19 Dog Breeds With Surprisingly Short Lifespans

Written By Jill Taylor

Dogs have been our beloved companions for thousands of years and often become valued family members. Unfortunately, not all dog breeds have the same life expectancy, and some can have much shorter lifespans than your average pooch. This article reveals the 19 dog breeds with surprisingly low life expectancy and explores the genetic and biological reasons why.

Dogue de Bordeaux

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Also known as the French Mastiff, these large bull-breed dogs can live up to 10–12 years, but most do not. DogTime claims that the majority only live about 5 to 8 years due to health challenges like heart disease and joint issues. Despite their huge and somewhat formidable appearance, they make gentle and loving pets.

Great Dane

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The American Kennel Club reports that these ‘gentle giants’ rarely live above 8–10 years and that some can die as early as 6 or 7. The health issues associated with their huge size, like hip dysplasia and heart disease, can make them a costly breed to own as they age, both financially and emotionally.


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The quintessential British Bulldog is one of the ‘brachycephalic’ (short-snouted) breeds with the shortest lifespans, averaging only 6 to 8 years. The UFAW states that breathing issues due to their flat faces are common, as are dental problems, skin complaints, and heart disease.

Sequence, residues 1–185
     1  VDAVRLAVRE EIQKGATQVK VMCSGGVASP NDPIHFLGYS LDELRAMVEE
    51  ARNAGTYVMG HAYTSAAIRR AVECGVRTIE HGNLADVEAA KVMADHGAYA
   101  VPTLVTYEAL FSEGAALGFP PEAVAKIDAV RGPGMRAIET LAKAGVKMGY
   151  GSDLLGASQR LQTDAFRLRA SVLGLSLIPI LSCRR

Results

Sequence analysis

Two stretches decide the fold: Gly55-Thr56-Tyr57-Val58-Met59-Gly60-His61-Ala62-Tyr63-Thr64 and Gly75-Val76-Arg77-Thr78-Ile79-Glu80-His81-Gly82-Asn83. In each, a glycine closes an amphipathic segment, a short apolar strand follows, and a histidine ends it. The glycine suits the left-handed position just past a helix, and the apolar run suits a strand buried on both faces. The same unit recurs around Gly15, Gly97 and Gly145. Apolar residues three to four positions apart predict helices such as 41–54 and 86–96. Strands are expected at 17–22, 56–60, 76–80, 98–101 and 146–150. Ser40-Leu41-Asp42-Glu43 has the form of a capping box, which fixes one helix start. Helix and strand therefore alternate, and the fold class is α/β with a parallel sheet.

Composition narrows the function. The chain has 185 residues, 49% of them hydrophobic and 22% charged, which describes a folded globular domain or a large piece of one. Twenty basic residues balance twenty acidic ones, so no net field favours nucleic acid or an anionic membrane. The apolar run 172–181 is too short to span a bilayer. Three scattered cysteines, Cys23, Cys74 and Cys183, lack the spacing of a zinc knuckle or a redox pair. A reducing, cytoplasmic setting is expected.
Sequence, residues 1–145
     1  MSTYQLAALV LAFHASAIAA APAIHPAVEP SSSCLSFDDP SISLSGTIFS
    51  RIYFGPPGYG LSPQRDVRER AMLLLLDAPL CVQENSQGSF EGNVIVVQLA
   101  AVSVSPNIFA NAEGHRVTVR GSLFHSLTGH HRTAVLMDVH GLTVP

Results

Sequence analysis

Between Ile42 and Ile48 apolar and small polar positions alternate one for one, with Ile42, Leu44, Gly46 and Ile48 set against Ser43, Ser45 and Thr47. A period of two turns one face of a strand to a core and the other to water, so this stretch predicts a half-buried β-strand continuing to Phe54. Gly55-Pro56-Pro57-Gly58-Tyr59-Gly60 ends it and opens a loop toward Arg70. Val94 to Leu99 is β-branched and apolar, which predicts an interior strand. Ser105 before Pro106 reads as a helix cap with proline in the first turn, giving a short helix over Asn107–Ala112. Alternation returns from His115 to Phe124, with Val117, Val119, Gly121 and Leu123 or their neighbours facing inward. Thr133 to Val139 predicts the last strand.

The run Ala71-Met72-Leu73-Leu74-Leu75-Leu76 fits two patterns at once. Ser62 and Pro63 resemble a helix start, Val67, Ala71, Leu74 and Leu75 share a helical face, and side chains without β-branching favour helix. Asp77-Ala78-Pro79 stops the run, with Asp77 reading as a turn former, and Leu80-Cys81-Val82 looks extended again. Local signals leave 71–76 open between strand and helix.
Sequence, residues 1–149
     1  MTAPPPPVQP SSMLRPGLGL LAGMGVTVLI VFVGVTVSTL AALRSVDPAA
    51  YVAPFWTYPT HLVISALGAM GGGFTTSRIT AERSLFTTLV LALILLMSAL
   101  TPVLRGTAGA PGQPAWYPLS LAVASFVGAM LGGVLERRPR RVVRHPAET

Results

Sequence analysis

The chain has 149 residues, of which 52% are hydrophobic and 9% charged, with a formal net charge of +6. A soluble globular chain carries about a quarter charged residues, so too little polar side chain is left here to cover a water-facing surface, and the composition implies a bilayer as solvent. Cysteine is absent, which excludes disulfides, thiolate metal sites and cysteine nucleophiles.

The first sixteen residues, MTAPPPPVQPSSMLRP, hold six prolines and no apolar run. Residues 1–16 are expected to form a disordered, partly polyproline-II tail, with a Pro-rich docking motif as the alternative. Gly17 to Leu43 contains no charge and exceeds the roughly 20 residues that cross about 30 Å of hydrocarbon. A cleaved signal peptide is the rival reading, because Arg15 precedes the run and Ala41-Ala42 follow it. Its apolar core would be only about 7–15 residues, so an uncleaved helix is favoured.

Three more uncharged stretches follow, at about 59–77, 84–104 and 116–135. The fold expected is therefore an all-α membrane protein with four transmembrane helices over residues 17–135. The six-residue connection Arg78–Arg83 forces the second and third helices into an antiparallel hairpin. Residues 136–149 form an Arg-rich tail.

Bernese Mountain Dog

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Like other large dog breeds, Bernese Mountain Dogs aren’t as robust as they seem and have an expected lifespan of 7 to 10 years. Due to their small gene pool, they’re prone to serious genetic health issues, including cancer and joint problems, which can affect both the quality and quantity of their lives.

Irish Wolfhound

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Well known for being gentle and laid back, the Irish Wolfhound is another ‘gentle giant’ and the tallest of all dog breeds. However, Pet Helpful states that their size contributes to a range of health issues, including heart disease, cancer, and bloat, which often shorten their lives to a maximum of 6 to 10 years.


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The Native Pet warns that some Rotties live only 9–10 years but that smaller, well-bred individuals with higher genetic mixing can make it to 15 years. They are susceptible to various health problems, such as hip dysplasia, heart disease, and cancer. Despite this, they remain hugely popular pets.

Saint Bernard

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The famous Beethoven movies starred a Saint Bernard, and examples of the breed are huge dogs in both height and weight. Unfortunately, they typically don’t live longer than 8 to 10 years due to their large size, which predisposes them to heart problems and joint dysplasia. Still, families with plenty of space are still tempted by their friendly and patient nature.

Scottish Deerhound

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Similar in appearance and size to the Irish Wolfhound, Scottish Deerhounds have a similarly short lifespan of only 8 to 11 years. Hill’s describes them as laid-back and undemanding pets but states that they’re prone to heart disease and cancer, much like other large breeds on this list.


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This wrinkly-skinned breed is known to be loyal but unaffectionate and has a surprisingly short lifespan for a medium-sized dog breed. In-bred individuals are unlikely to make it past 8 years old, although responsibly bred Shar-Peis can make it to 12. Besides skin problems, they face joint issues and are prone to heart disease.